However, DNA studies have shown that at least 65% of young in any group were not fathered by any male in the group. For this reason, Fairy Wrens have been described as a monogamous social system with a promiscuous mating system.

Groups maintain fairly large territories, which include a mixture of feeding, breeding (nesting) and roosting sites. Territory size varies with habitat quality and the density of birds in the area. Territories are defended and maintained by singing regularly.

Persistent intruders will be chased, but actual fights are rare.

Normally, a bird or pair of birds looking for a territory will not try to oust a pair or group which are already in possession.

Songs are also used to allow group members to stay in touch and to recognise each other.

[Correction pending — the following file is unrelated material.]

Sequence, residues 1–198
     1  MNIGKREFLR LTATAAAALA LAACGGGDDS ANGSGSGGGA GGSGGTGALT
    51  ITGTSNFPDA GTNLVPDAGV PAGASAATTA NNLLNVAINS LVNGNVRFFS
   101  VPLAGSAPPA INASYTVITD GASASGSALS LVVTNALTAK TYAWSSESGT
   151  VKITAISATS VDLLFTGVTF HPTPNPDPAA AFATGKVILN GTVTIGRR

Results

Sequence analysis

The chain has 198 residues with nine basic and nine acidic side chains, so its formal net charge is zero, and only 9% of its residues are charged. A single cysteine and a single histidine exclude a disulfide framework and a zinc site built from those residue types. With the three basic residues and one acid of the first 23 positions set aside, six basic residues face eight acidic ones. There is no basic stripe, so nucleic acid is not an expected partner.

Courtship appears to consist of display flights and chases.

In 8 species of Fairy Wrens, males have been observed carrying a flower petal or fruit – always of a colour different to himself – during courtship. Sometimes he keeps the object, sometimes he presents it to the female, who may or may not accept the gift.

The basic pair-bond within Malurids appears to be a monogamous pair. This pair is often accompanied by helpers – immature and mature individuals – which help to defend the territory and feed and protect the young.

However, males, both the male of the primary pair and helper males, regularly travel into neighbouring territories to seek non-group females to mate with.

In this way most, and sometimes all, of the young raised by a groups are fathered by males from outside the group.